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Nalutporn Krairiksh: Challenging Thai society to see people with disabilities as equally human

By Asaree Thaitrakulpanich

Photography by Luke Duggleby

A list of common insults that people with disabilities don’t want to hear anymore; two blind men’s review of sex services in Bangkok; an interview with a wheelchair-using lottery ticket seller struggling to make sales as Thailand’s COVID-19 cases climb.

Few of these stories would ever make it into Thai mainstream media, whose portrayal of the disabled are often pity-laden and condescending, as cultural attitudes attributing disability to bad karma persist.

But, Thailand’s first and only media news outlet dedicated to disability issues, strives to change that by showing people with disabilities as equally human. This pioneering work in Thai journalism is headed by 27-year-old Nalutporn Krairiksh.


‘My friends carried me.’ 

At the age of nine, Nalutporn was diagnosed with spinal muscular atrophy. For the rest of her life, she would use a wheelchair – and for the first part of that life, she had to make it through the Thai educational system. 

She often skipped school lunch breaks because it was too difficult to go up and down the stairs. But in middle school, to her surprise, one teacher included her in a class she never got to participate in before.

“From kindergarten until lower secondary, I never learned PE. All the teachers assumed that I couldn’t do anything,” she says. “I would sit in a room and get full marks.”

But the middle school PE teacher handed her a volleyball – “the first time in my life I got to touch one” – and she hit it. “It only went one meter, but the teacher said that if that’s what I could do, then that was good enough. They didn’t compare me with others.”

However, the toughest hurdle of her education would be at Chulalongkorn University – the country’s oldest and most prestigious in rank, its buildings and administration steeped in tradition. Wheeling around the campus, Nalutporn often felt like an ‘oddity’ as other students and by the mere sight, they couldn’t stop staring.

“To get to classes every day, I had to use the storage elevator at the back of the building, asking the security guard to unlock it for me,” she says. “It was so inconvenient just to go to class; I felt like I wasn’t really part of university life.” 

Buildings often only had stairs, elevators that did not stop on every floor, or elevators reserved for professors. The only way to access the central library was to ask someone to carry her and her wheelchair over some metal barriers and then ask to use the storage elevator. 

“I only made it through university because my friends carried me, literally,” she says.

Nalutporn couldn’t even access the student office by herself. Instead, she would have to ask her friends to go in her stead to lobby for the tiniest accommodations, such as an unlocked storage elevator. 

“They didn’t provide any comfort to me because they don’t care,” she says. “A security guard told me that I was ‘only one person’ when I asked if the buses could be made wheelchair-accessible.”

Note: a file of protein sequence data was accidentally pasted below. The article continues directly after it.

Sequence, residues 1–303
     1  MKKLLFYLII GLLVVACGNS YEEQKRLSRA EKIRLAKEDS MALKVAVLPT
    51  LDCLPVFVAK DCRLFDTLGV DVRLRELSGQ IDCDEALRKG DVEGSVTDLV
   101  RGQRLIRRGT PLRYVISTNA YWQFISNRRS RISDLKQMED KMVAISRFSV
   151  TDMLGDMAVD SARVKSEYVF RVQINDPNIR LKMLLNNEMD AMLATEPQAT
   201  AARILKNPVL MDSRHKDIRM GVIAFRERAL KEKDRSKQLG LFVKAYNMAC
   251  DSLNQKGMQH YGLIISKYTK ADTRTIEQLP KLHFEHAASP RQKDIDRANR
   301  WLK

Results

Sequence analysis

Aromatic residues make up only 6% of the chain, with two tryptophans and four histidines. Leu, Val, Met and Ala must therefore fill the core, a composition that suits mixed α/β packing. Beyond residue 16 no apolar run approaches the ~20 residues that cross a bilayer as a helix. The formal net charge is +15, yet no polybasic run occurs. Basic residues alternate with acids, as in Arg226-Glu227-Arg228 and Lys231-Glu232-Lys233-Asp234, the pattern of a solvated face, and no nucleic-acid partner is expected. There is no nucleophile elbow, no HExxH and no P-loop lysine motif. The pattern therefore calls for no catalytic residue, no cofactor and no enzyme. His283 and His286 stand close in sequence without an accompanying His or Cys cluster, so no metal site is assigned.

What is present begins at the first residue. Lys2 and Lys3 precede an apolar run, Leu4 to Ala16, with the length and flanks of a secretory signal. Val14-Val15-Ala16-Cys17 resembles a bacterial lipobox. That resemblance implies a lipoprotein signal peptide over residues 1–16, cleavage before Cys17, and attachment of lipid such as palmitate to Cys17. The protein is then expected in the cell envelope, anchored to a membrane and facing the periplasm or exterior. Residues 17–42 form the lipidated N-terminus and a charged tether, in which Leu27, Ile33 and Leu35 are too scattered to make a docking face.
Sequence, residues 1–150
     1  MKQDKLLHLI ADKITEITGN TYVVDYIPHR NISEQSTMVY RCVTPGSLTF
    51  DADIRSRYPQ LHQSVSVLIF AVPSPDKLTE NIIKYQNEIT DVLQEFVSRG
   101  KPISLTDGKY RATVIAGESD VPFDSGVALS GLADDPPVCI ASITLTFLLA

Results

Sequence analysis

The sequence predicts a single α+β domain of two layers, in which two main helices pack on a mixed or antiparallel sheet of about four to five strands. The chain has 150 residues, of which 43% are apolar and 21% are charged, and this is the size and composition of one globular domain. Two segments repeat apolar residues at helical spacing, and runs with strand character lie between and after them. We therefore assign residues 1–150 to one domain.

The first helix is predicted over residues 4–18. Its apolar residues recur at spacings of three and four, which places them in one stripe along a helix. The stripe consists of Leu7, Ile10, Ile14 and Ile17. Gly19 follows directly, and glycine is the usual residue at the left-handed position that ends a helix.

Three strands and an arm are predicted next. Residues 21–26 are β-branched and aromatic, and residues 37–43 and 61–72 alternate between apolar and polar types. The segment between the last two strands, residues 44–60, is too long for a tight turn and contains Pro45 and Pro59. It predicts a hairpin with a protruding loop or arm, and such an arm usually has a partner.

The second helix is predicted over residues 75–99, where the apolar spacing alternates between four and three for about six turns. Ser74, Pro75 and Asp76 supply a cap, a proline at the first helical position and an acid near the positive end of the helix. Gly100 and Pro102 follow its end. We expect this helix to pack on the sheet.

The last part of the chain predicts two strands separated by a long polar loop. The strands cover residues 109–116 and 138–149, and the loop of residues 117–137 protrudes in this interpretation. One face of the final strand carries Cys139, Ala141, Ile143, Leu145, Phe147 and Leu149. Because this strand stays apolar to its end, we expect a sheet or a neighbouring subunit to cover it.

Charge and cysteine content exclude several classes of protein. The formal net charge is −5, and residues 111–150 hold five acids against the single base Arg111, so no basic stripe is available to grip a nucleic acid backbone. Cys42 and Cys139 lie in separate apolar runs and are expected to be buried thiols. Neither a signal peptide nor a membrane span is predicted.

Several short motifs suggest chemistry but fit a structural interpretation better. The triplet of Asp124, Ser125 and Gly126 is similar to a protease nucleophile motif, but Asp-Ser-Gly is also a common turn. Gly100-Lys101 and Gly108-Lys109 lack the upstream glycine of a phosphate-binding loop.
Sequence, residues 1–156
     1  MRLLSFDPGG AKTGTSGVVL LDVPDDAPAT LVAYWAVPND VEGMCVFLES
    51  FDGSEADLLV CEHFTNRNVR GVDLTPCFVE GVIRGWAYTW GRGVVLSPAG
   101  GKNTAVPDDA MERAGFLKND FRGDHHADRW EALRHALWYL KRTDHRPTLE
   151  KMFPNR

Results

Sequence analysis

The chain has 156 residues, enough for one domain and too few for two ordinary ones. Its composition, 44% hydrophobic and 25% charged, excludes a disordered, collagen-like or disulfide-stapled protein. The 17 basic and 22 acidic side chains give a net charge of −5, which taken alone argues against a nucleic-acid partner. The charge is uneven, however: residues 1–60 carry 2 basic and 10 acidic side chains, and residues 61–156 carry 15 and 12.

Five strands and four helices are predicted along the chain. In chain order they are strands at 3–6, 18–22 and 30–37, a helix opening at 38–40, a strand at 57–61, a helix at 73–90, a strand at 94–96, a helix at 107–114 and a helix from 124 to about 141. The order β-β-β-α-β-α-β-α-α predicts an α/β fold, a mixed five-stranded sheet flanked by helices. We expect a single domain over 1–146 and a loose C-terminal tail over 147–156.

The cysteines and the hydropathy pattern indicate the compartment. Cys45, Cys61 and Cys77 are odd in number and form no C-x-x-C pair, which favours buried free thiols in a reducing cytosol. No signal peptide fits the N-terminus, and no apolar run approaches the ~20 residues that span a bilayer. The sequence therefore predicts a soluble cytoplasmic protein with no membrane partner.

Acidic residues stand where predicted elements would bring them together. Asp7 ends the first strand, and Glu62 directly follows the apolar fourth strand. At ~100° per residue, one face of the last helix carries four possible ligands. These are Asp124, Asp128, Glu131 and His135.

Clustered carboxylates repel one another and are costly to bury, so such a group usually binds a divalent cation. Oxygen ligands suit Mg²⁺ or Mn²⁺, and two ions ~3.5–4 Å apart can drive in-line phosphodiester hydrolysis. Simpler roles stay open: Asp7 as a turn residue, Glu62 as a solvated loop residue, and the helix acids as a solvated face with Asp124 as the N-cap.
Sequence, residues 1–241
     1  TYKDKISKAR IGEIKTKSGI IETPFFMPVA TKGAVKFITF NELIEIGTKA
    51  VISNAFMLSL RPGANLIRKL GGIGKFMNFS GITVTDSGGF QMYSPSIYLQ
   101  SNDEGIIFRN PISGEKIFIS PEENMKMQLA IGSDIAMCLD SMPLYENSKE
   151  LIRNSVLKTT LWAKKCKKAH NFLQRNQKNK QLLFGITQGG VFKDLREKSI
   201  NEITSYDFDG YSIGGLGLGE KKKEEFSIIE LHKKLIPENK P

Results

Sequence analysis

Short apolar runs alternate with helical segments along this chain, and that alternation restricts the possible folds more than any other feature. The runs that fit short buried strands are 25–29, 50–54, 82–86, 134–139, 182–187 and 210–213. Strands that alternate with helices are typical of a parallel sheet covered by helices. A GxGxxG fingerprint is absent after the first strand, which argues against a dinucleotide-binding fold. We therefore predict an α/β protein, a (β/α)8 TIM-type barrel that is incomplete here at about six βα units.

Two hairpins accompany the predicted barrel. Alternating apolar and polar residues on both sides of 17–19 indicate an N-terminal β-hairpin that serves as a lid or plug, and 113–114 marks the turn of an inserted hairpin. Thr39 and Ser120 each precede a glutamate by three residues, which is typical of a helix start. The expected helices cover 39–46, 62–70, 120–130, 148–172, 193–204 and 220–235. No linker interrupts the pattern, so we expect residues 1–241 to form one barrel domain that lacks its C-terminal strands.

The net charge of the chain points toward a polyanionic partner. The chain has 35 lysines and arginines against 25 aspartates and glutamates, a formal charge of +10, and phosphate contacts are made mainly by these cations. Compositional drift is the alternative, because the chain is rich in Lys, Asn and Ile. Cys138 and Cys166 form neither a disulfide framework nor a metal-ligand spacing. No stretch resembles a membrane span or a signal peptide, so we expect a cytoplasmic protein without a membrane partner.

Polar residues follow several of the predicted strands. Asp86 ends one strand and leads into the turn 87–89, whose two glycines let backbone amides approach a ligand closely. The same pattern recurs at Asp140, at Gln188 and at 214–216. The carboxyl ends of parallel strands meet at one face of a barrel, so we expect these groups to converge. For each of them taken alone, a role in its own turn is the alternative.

When it was time to graduate, Nalutporn was ready to participate in the graduation process like everyone else. 

At Chulalongkorn University, students attend two commencement days to rehearse the ceremony of receiving their diploma from Princess Sirindhorn. For many students and their parents, the few seconds on stage with the princess are a great source of pride. 

Although Nalutporn went to both rehearsal days, on her actual graduation, she was wheeled outside the hall where she received the diploma from the princess, but not on stage with everyone else. 

“For sure, my master’s will not be at Chula. The university didn’t love me as much as I loved it,” Nalutporn says. “They weren’t able to let a student learn with dignity.” 

A unique platform

During the rocky path to her university degree, Nalutporn applied for an internship as a disability reporter at Prachatai, a non-profit news website.

“At first, my career plan was to illustrate children’s books,” she says. “But working at Prachatai made me see that disabled people aren’t even treated as humans in every part of Thai society.”

After graduating in 2015, Nalutporn became a full-time reporter at Prachatai and, in 2017, founded their sister website focused on disability issues – ThisAble.Me. 

Nalutporn wheeled herself into seminars, advocacy events, and even political protests by disabled people – and soon ThisAble.Me became known among liberal Thais as a unique platform. 

“What I can do is give space to these stories of people on the margins,” Nalutporn says. “People with disabilities are always portrayed as waiting for charity and aid. News about them is accompanied by their bank account for donations.”

A popular game show format is having impoverished or disabled guests come on air to tell celebrity hosts about their debts and play games or showcase their talents in exchange for money. 

“Not only are their stories not told, but their level of dignity is also decreased,” Nalutporn says. “On these shows, a person with one leg has to show the stump to get a bag of rice in return.” 

ThisAble strives to show that, contrary to popular belief, people with disabilities have complete lives that don’t revolve around suffering. They are people with dreams, friends, careers, and sex lives.

“Some people were shocked when they found out that I graduated,” she says. “And when I got a boyfriend, people overreacted even more, treating him as if he was a merciful angel who took pity on me.” 

The site’s content about the sex lives of people with disabilities went so viral that the website’s servers were overwhelmed. It included an interview of a sex worker who almost exclusively took clients living with disabilities. Another was a review of various sex services by two blind men who loved to hit the town. 

“Out of the blue, she pulled up the topic of disability and sex,” says Manit Inpim, a 54-year-old longtime accessibility activist. “Her thoughts are so youthful and free and tackle so many things. Thai society doesn’t talk about sex much, and for the disabled, it’s even in a greyer area.” 

Manit, who uses a wheelchair, is the founder of Accessibility is Freedom, a group campaigning for accessible public spaces in Bangkok. Nalutporn often works closely with Manit, writing news about him when he lobbies for elevators to the Skytrain or ramps in downtown malls. 

“Few people with disabilities in Thailand will have the mindset and life resources to publish things like this,” Manit says. “I’m glad that she’s like a megaphone for people with disabilities – not just about accessibility, but about everyday life, including sex.”